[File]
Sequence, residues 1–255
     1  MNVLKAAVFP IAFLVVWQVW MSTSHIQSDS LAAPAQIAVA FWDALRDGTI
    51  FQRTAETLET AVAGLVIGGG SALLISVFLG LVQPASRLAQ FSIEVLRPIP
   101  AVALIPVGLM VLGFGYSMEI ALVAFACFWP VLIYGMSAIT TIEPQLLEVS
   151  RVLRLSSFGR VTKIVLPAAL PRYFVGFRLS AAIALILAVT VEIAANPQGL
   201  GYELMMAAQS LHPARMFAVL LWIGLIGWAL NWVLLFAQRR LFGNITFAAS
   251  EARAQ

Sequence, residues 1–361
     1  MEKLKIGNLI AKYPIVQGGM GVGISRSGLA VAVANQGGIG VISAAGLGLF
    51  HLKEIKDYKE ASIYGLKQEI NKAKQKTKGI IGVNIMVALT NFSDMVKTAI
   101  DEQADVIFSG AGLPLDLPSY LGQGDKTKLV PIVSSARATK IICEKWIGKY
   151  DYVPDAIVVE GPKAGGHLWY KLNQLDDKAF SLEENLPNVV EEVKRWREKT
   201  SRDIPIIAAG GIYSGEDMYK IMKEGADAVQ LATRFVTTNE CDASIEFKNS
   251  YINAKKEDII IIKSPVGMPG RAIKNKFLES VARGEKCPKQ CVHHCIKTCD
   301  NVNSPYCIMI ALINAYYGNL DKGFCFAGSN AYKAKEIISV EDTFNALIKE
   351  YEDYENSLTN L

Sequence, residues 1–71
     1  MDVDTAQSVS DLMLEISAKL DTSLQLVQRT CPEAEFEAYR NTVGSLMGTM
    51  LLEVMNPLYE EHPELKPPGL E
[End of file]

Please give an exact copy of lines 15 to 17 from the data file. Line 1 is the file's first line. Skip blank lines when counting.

   301  NVNSPYCIMI ALINAYYGNL DKGFCFAGSN AYKAKEIISV EDTFNALIKE
   351  YEDYENSLTN L

Sequence, residues 1–71